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Transportation

, Volume 46, Issue 6, pp 2243–2268 | Cite as

Shared taxis: modelling the choice of a paratransit mode in Santiago de Chile

  • Cristian DomarchiEmail author
  • Juan Enrique Coeymans
  • Juan de Dios Ortúzar
Article

Abstract

The shared taxi is a special public transport mode, typical of Chilean cities. It operates with cars offering a maximum capacity of four seats, a predefined coverage area and a route that is fixed in principle, but can be adapted to meet passengers’ needs. During a normal day in Santiago, almost 700,000 trips use shared taxis during one of their stages. This represents about 4% of the total trips made in the city, and this modal share increases in zones and periods with low Metro and bus coverage. This study is a first attempt at studying shared taxis as a relevant transport alternative, analysing its main attributes and modelling its demand. With this purpose, after an analysis of the network and its operation, a revealed preference survey (including perceptual indicators) was applied to public transport users in Santiago who had shared taxi as a feasible alternative. Results show a positive evaluation of the mode’s unique attributes, such as the possibility of travelling seated, reducing transfers and alighting at a convenient destination. The subjective valuation of the attributes derived from the models confirm the strong penalty assigned by Chilean users to alternatives implying transfers or increased walking times. The analysis also shows that studying the characteristics of shared taxi users is relevant in a discussion about its regulation and modernization, considering that, while it is desirable to preserve its positive attributes, this should be done in a context of efficient integration with the rest of the transport system.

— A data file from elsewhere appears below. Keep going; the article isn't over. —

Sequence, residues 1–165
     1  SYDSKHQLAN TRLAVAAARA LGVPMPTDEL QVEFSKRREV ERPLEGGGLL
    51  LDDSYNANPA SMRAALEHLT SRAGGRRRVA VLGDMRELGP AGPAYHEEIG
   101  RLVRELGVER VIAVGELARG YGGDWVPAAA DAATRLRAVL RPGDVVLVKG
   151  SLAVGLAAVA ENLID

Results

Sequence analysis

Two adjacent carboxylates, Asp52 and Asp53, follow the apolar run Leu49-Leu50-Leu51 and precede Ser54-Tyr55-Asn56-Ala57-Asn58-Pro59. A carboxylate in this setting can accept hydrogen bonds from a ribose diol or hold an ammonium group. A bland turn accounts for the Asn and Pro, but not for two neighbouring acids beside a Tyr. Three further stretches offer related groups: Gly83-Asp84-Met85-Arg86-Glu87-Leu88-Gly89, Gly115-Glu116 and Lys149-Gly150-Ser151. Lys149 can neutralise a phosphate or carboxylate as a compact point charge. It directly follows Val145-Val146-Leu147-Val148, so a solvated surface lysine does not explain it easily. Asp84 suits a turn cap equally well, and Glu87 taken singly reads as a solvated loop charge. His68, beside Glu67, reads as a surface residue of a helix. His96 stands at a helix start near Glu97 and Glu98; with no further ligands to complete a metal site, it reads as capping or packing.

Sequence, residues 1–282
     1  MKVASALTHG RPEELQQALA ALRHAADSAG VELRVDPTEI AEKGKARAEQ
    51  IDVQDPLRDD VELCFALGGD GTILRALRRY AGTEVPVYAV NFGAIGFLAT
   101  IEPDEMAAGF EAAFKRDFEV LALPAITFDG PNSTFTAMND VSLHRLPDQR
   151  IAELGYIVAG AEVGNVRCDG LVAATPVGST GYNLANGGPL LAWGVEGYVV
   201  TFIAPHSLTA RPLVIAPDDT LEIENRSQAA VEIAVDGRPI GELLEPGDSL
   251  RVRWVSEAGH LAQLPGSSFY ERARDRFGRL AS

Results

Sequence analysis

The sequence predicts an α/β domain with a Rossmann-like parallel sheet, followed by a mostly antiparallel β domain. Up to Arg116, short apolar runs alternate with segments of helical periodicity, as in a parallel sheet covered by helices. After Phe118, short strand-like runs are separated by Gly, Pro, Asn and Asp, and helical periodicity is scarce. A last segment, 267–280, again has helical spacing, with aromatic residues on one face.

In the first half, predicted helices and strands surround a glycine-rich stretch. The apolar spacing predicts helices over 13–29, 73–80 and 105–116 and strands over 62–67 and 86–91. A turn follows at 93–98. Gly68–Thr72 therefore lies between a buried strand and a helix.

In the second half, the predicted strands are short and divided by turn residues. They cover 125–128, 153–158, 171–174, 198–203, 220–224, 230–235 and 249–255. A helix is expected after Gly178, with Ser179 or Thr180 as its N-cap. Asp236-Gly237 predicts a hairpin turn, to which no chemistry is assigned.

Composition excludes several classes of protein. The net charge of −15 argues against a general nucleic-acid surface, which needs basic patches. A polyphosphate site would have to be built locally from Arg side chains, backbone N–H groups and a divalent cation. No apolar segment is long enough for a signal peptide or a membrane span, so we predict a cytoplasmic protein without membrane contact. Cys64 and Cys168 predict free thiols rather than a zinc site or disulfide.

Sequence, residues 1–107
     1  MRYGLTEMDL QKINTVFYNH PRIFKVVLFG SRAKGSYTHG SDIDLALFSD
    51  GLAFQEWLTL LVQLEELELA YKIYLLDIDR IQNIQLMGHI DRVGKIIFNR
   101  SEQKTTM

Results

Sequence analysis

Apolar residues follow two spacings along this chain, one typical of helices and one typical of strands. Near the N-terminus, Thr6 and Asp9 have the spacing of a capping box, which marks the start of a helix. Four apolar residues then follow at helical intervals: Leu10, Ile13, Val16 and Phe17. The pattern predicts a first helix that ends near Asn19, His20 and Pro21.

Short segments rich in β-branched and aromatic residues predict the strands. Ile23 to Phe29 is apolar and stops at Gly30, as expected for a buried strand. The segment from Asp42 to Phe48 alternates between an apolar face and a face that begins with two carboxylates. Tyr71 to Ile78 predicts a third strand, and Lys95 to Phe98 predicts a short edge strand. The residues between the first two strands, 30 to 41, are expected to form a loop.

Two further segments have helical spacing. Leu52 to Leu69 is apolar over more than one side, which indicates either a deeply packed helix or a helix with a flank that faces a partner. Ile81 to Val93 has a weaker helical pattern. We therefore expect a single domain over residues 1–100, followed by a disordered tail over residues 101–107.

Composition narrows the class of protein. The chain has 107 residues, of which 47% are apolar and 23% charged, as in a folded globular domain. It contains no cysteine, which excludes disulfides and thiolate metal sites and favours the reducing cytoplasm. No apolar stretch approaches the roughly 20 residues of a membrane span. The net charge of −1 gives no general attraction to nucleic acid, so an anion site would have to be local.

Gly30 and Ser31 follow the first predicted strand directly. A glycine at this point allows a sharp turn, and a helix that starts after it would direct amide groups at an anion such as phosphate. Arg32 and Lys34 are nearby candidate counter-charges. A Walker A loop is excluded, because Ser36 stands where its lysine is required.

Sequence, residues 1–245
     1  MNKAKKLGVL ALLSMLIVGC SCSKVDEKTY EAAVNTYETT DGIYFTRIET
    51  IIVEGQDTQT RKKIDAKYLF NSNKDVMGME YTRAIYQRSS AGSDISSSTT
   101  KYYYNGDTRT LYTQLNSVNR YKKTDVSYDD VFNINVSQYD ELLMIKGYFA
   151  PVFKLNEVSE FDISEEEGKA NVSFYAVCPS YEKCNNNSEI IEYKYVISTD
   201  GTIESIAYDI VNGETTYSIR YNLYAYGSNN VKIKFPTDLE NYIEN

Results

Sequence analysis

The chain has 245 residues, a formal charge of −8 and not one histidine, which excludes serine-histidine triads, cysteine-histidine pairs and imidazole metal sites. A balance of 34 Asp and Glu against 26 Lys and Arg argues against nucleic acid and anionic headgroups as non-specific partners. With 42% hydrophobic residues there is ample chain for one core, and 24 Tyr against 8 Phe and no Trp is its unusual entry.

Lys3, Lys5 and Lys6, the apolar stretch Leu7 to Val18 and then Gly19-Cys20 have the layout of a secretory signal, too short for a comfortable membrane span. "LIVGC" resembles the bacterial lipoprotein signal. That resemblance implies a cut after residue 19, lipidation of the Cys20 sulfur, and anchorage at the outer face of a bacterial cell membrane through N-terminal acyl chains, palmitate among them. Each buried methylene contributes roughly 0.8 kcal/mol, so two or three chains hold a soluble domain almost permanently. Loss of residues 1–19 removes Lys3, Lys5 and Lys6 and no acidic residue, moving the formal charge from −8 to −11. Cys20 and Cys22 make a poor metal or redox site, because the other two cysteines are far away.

Keywords

Shared taxi Discrete choice models Paratransit Public transport planning 

Notes

Acknowledgements

A preliminary version of this paper was presented at the XVIII Chilean Congress in Transport Engineering, held in La Serena during October 2017. This research was funded by the FONDEF project D10E1049 “A tactical-strategic tool for management and planning of urban public transport systems, 2016–2017 Extension”. The authors also wish to thank the contribution of the Centre for Sustainable Urban Development, CEDEUS (CONICYT/FONDAP/15110020), the Institute in Complex Engineering Systems (CONICYT: FB0816) and the BRT + Centre of Excellence, funded by the Volvo Research and Educational Foundations. Finally, the paper has considerably improved thanks to the comments of three anonymous referees.

Complinace with ethical standards

Conflict of interest

On behalf of all authors, the corresponding author states that there is no conflict of interest.

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Copyright information

© Springer Science+Business Media, LLC, part of Springer Nature 2018

Authors and Affiliations

  1. 1.Department of Transport Engineering and LogisticsPontificia Universidad Católica de ChileSantiagoChile
  2. 2.Department of Transport Engineering and Logistics, Institute in Complex Engineering Systems, BRT + Centre of ExcellencePontificia Universidad Católica de ChileSantiagoChile

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